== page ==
Trait du Nord, previously also known as Ardennais du Nord is a breed of heavy “draft horse”, developed in the area of Hainaut in western Belgium and in north-eastern France.
Originally, considered a sub-type of the Ardennais, it was recognized as an individual breed with the opening of a STUD BOOK in 1903. Developed in the fertile Flemish grasslands, it was bred for size and ‘pulling power’ for agriculture work. By 1855, the horses bred near Hainaut were considered, by some vets, to be superior to other Flemish draft breeds. The Trait du Nord was used extensively in mining from the late 19th century through 1920, with lesser use continuing through the 1960s.
The Trait du Nord continued to be used for agriculture through World War 2, but, after the war, this usage and the breed population declined significantly, as farming became increasingly mechanized. During the mid-20th century, the breed was in demand for the production of horse meat, and , due to this was bred to be ‘larger’ and ‘heavier’. In the early 1970s, the market for horse meat began to decline, ad the Trait du Nord, like many European draft breeds, was in danger of extinction. It was not until the 1990s, that the breed experienced a slight revival through an increased interest in recreational riding and driving.
The Trait du Nord is large with stallions weighing upwards of 1000 kilograms. The breed reached the peak of its physical structure in the early 1930s. It was then described as a “born labourer”, built for traction and with a conformation that allowed it to move huge weights over short distances. The average size in the breeds is 16.2-16.3 hands for stallions and 16.1 for mares. The breed is found in solid colours, although ‘bay’ and ‘roan’ are the most common. Chestnut (including Liver Chestnut) is also allowed as are black, brown and grey. The head is generally small in proportion to the mass of the horse, with a flat profile. The neck is of medium length and strong, often slightly arched. The “withers” are prominent and the shoulder long and slightly oblique. The back is short and straight and the body compact, solid and very muscular. The chest is deep with a broad muscular breast. The “croup” is wide and powerfully muscled. The hooves are hard and strong. Two slightly different types of Trait du Nord are found —— a larger type used for heavier pulling and a lighter type used for faster work. It is known to be gentle and easy to handle.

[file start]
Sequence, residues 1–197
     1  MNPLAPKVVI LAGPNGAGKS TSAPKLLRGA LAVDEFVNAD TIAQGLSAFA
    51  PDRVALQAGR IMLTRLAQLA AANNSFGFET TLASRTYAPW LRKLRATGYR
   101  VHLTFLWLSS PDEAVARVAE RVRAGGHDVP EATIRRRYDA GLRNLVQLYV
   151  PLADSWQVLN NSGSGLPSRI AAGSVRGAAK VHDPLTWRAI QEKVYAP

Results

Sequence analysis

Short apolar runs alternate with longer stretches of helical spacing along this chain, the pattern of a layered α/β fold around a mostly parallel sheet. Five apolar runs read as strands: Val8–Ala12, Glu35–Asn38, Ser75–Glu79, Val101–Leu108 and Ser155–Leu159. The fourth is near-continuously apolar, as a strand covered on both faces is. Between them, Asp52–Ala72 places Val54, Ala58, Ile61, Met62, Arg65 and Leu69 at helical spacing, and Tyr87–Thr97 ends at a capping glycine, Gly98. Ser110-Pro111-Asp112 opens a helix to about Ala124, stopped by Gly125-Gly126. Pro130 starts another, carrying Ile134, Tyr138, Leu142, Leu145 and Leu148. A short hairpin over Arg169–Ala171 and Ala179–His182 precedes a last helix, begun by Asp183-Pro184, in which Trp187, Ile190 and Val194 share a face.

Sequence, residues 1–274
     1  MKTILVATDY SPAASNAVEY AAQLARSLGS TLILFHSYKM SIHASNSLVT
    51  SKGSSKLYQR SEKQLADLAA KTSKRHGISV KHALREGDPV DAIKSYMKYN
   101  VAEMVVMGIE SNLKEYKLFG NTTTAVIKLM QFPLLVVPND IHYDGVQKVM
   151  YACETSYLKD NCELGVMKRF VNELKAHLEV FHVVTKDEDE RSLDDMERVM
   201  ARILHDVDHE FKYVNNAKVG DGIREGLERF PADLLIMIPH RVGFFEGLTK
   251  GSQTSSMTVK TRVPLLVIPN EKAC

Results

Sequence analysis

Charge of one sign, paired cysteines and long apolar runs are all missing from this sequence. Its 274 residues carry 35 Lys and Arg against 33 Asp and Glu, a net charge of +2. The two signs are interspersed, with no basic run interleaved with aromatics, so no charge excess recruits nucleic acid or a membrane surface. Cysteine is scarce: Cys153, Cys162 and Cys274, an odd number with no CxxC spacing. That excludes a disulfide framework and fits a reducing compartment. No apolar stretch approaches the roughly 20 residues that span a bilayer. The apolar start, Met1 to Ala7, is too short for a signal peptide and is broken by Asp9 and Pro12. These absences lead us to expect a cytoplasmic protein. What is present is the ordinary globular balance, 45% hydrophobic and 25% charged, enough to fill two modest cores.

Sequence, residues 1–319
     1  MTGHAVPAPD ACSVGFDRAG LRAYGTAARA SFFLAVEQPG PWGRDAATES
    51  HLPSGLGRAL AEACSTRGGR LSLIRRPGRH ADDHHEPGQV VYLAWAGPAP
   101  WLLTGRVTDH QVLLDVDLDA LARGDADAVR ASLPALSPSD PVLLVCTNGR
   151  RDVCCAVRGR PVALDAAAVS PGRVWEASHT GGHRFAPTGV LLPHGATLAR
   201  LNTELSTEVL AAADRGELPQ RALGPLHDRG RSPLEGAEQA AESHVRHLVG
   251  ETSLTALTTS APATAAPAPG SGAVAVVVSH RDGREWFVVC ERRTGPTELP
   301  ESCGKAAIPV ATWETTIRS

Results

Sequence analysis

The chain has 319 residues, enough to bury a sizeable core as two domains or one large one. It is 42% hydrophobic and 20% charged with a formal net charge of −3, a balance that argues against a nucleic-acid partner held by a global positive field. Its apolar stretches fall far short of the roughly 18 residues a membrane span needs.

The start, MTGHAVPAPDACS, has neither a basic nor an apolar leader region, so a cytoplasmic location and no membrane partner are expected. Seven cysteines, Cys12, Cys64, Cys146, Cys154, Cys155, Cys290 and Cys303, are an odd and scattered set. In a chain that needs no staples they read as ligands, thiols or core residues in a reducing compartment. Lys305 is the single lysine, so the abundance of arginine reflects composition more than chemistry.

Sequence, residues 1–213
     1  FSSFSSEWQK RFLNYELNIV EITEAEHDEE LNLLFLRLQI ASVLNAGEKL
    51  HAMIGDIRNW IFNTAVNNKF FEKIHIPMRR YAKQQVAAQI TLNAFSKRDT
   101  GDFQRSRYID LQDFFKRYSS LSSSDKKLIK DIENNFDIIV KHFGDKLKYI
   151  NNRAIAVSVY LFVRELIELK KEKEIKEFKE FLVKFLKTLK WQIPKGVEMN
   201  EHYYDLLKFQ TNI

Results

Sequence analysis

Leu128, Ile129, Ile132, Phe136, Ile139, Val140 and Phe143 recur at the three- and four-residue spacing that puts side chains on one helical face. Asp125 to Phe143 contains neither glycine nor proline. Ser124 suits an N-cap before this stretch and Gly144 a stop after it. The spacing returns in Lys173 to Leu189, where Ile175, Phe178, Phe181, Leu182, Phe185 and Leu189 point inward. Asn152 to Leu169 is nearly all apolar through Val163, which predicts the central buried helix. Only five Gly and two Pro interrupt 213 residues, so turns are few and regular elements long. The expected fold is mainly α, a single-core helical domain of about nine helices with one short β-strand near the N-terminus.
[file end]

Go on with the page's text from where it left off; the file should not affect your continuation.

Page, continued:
The breed is considered to be ‘endangered’ by the French Government, with fewer than 100 new foal births a year. The National Breed Registry in France is working with local groups in an attempt to promote this breed and bring the population numbers back up. The breed, currently, is in danger of inbreeding due to the low number of breeding stallions. According to the French National Stud, the current official name of the breed is Trait du Nord. The name has changed several times during its history. In the mid-19th century it is mentioned as the “large horse of Hainaut”. Beginning in 1913, it was known as the Trait Ardennes North, and from 1945-1965, it was known as the Northern Ardennes Draft. The name of Trait du Nord became commonly used around 1961.
The Hainaut region is the true birthplace of the breed in France. The Belgian draft breeds, the Ardennes and the Trait du Nord share the same ancestry. The region of Flanders is particularly conducive to agriculture, an din the 19th century the drainage of the swamps and improved farming techniques led to a major expansion in cultivated areas and farm sizes. As there were no existing horses in the area that were suitable for ploughing the farmers found it necessary to create a breed of draft horses specifically for their use. From the 1850s on the farmers selected horses that eventually became the Trait du Nord.